“So, the Grayfoots were a Bixby family until they got chased out?”

“Yeah, that’s the way my dad tells it.” Constanza looked over at the big table, eyes narrowing as she checked for the hundredth time that Liz and Maria weren’t busy spreading rumors about last night’s vandalism. She turned back to Jessica. “My grandfather’s totally psycho about going anywhere near Bixby. He never even drives through. If he has to head out west, he goes up to Tulsa and then over.”

“But you guys live here.”

She snorted. “Well, my father moved here when he was eighteen, just to piss off his old man. They always fought the whole time he was growing up, so Dad came here to escape. Granddad stopped talking to him for years, until I was born, basically. And even now my father says they don’t tell him everything about the family business. My cousins know a lot more about what’s going on than Dad does. They’re all suck-ups and never go into Bixby either.”

Jessica nodded. Of course, anyone in the clan who knew the truth about midnight would also know about mindcasters and would stay out of Bixby. She wondered how old Constanza’s grandfather was and how he’d learned about the secret hour so long ago.

“That’s the problem with being born rich.” Constanza sighed. “You’ve got to toe the line or you get cut off. That’s why I want to be an actress, so I can make my own money.”

“So when did this all happen? I mean, how long ago did the Grayfoots leave?”

“Ages. Like when my grandfather was a teenager. So, fifty-something years? There was a lot of money in the oil business during the boom, and the Anglos didn’t want us Native Americans to make any. Whatever happened, my grandfather was totally traumatized. He never talks about it.”

Jessica took a deep breath. Fifty-something years ago—about the same time that the lore had mysteriously ended.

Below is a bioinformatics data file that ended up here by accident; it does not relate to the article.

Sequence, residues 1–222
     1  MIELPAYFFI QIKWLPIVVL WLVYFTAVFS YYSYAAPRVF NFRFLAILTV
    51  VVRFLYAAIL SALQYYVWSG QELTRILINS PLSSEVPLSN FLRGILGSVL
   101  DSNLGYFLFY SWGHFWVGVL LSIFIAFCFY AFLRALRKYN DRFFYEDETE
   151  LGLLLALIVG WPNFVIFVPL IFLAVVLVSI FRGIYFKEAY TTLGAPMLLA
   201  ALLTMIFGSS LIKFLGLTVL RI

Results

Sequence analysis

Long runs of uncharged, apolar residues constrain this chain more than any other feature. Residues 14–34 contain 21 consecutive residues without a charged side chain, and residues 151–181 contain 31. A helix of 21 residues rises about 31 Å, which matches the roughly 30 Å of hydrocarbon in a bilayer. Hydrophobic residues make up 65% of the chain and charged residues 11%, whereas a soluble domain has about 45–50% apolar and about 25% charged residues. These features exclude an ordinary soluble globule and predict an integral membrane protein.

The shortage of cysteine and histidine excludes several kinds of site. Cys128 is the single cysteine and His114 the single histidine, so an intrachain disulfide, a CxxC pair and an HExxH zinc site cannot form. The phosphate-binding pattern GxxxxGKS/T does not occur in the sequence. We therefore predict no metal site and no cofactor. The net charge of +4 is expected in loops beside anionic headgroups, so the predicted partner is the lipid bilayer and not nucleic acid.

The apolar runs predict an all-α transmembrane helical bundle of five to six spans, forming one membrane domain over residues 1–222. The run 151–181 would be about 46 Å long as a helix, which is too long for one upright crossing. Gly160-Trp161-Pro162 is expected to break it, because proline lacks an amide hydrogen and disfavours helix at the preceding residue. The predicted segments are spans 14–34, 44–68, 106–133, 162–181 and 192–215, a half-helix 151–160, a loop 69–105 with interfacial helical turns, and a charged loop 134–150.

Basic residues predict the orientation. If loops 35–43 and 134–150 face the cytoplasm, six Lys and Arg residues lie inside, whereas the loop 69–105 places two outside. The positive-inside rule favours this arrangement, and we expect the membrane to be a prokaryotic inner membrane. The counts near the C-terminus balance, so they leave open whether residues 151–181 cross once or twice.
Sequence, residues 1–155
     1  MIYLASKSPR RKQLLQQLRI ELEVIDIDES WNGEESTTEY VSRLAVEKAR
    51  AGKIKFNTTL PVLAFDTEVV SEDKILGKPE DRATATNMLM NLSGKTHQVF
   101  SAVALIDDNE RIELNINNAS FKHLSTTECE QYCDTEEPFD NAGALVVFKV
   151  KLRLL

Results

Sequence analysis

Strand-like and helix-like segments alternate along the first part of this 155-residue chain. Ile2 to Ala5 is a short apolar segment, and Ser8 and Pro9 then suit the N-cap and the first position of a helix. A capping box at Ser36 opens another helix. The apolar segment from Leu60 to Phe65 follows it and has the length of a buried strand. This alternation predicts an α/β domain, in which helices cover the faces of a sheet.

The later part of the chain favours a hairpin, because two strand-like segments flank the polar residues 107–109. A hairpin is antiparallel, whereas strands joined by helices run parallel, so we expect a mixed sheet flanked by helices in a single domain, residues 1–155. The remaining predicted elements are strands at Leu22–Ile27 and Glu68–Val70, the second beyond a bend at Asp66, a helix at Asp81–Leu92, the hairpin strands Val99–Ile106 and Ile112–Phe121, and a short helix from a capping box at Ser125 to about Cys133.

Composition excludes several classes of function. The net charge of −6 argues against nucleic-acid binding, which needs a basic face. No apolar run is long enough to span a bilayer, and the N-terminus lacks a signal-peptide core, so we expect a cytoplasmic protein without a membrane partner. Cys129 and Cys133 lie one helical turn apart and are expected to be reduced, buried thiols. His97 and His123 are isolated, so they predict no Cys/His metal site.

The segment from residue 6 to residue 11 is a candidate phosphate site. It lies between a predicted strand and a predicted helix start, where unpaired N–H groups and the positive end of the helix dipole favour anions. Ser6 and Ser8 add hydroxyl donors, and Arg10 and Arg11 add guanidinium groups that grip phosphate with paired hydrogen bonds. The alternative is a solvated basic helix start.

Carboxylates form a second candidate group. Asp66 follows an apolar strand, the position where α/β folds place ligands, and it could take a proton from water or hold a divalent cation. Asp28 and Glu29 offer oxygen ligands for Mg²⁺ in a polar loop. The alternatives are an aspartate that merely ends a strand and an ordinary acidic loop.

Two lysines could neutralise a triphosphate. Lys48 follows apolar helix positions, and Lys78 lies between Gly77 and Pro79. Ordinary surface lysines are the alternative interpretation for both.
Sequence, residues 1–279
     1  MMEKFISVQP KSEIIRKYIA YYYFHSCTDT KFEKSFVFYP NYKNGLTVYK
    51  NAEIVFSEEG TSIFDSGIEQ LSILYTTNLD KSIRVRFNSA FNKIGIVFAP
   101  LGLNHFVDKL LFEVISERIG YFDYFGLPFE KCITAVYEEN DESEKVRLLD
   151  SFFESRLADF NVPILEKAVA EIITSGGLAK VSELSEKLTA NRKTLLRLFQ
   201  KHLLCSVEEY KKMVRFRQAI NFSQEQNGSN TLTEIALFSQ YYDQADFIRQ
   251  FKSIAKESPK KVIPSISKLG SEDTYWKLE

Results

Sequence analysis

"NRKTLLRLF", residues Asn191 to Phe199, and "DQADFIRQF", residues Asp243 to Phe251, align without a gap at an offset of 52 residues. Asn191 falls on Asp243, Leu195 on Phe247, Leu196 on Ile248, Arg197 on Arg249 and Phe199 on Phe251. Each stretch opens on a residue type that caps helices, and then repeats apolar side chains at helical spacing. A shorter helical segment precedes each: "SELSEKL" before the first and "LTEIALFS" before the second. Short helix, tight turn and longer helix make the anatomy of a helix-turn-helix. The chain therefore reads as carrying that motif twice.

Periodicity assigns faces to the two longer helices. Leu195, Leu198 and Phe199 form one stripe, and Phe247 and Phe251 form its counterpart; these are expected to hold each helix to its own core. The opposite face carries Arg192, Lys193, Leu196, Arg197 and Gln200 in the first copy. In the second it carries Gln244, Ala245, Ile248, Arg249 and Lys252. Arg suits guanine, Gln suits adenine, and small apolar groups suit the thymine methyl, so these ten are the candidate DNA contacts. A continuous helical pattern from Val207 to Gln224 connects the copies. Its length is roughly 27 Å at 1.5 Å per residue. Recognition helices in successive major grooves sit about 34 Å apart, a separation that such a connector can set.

Of course, the story as Constanza had learned it made sense too. Rex talked a lot about how Oklahoma history was one big long land grab. The rest of the country had shipped its native populations onto reservations here, back when it was a useless dust bowl. Then the moment the whites had wanted the land, all the treaties had gone up in smoke, and the last Native American territory had become the forty-eighth state. The discovery of oil had only made things worse for the tribes.

Maybe the truth was a mix of both stories. Jessica wondered if the Ladies’ Anti-Tenebrosity League had ever invited any Native Americans to its ice-cream socials. According to the lore, the ancient people here had fought the darklings for thousands of years, but maybe they’d been cut out of the secret society after white settlers took over the town. According to Rex, that was pretty much the way everything else had worked back then.

Had the lore ended and Bixby lost all its midnighters just because of broken treaties and old scores being settled?

“Sounds horrible,” Jessica said. “But also really interesting. Thanks.”

Constanza picked up Jessica’s textbook. “But wait, you’re taking world history. Who are you writing this for again?”

Jessica glanced at the book. A world map stretched across its cover, the Oklahoma flag nowhere in sight. “Um, I’m not really writing a report. I just got interested because I met this guy… well, didn’t really meet him. I doubt he’d remember me. But I think he was related to you…”


“Uh, do you have a cousin named… Ernesto?”

Constanza laughed. “Ernesto? What? Did he hit on you?”

“No!” Jessica felt herself blushing, thinking, stalked, yes… hit on, no.

“Oh, don’t be embarrassed.” Constanza giggled. “He hits on everyone, but he’s a sweetheart, really. In fact, if you want to meet him properly, he’s picking me up from school today.”

Jessica swallowed. “He is?”

“Yeah, we’re all headed out to Broken Arrow to stay with Granddad for a couple of days. The old guy’s even more freaked out than my parents because of the you-know-what last night. Brings back bad memories.”

“Sure, bad memories. Ernesto’s coming here?”